The book also manages to insert a fairly interesting mystery into the festivities of Tim's birthday, as he receives a mysterious package that he comes to suspect was given to him by one of Robin's many enemies. Now the mystery isn't all that difficult to solve, but it does allow Batman to show off his array of new toys, as he has one to give us a look inside, but it's the old fingerprint scanner/criminal database that provides the real lead as to who delivered the package. Still the real surprise is when the box opens itself in the final pages, and Robin discover who sent him the package, as the answer is certainly an unexpected one. Plus, given I'm a sucker for time travel stories, I can't help but feel a bit giddy about the prospect of receiving one here, especially since this one offers up the promise of an apocalyptic future is waiting in the wings if Robin doesn't perform some vital task in the past. The investigation of the mystery also provides us with a rather interesting little exchange between Robin & Two Face, though this scene does make one wonder if the various Bat-editors actually talk with each other, as while Two Face is locked away in Arkham in this book, he's busy tormenting Detective Montoya over in Gotham Central, while over in Batman he looks to have undergone plastic surgery, and is currently running around calling himself Hush.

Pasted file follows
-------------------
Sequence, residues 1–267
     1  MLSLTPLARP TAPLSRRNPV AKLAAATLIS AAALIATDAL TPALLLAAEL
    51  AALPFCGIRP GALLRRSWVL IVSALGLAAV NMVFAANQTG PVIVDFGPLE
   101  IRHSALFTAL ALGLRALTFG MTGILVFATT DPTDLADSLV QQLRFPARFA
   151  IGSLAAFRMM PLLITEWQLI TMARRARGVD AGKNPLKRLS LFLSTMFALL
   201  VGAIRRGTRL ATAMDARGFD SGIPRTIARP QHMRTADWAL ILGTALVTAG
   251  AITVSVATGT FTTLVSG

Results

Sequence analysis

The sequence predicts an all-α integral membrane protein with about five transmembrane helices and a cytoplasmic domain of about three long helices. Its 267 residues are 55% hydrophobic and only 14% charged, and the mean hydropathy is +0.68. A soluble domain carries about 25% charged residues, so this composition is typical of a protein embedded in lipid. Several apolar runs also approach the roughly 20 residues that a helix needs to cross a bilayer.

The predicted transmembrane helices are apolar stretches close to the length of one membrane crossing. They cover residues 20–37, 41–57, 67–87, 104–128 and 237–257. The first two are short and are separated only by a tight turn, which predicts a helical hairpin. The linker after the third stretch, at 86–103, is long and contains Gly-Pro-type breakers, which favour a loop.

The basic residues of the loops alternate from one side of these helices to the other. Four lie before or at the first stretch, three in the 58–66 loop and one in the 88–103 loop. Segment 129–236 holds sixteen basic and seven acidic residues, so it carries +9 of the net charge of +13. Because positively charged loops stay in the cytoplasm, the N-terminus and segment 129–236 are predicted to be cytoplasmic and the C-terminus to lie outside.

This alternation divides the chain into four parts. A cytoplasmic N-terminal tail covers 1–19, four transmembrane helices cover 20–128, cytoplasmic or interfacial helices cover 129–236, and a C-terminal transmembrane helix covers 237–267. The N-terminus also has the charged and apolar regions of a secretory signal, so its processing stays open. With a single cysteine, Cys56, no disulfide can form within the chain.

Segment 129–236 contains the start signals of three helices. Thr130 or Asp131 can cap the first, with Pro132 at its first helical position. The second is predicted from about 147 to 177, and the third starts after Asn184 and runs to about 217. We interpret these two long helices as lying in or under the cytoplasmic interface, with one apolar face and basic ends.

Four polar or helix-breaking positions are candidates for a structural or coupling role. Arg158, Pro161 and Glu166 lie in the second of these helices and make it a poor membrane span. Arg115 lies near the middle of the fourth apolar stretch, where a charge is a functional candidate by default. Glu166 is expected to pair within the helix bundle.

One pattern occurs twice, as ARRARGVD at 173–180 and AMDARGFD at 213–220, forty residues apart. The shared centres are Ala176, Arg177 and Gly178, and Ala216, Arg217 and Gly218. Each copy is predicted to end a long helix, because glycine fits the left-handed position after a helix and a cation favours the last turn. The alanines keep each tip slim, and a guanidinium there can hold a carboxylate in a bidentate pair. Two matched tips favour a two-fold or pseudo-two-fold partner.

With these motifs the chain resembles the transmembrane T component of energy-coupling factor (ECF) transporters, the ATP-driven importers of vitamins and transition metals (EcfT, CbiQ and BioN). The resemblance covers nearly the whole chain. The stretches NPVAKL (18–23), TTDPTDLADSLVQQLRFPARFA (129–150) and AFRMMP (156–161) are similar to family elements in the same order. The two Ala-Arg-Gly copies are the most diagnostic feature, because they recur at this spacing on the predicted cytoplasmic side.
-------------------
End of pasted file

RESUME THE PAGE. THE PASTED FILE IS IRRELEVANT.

I really like Pete Woods' work and I honestly don't feel that he gets nearly enough credit, as he's not only proven himself to be a highly dependable monthly artist, but his grasp on the fundamentals of comic book art is about as strong as one could hope for. His characters move with a wonderful sense of body language, as one can almost tell when what mood these characters are in simply by looking at their posture, though if you need something more, the art is also quite strong when it comes to facial expressions. For example take a look at the scene where Tim opens his various birthday gifts, as you can practically read his inner thoughts about each of the gifts, and in some cases even the nervous tension of the people that gave it to him, as they wait to see if he enjoys their gift or not. I also enjoyed the panel where we see Tim's family & friends collective reaction as they are watching the kung-fu films later that evening. There's also some fun little visuals, like the panel where the Batmobile drives through the holographic cave wall, or the various bat-gadgets that are brought into play to investigate the mystery package. The final page is also rather interesting, as we not only get a good look at the dire future that awaits Gotham City, but our mystery person who made the package also looks to be in a pretty bad way, with his robotic arm.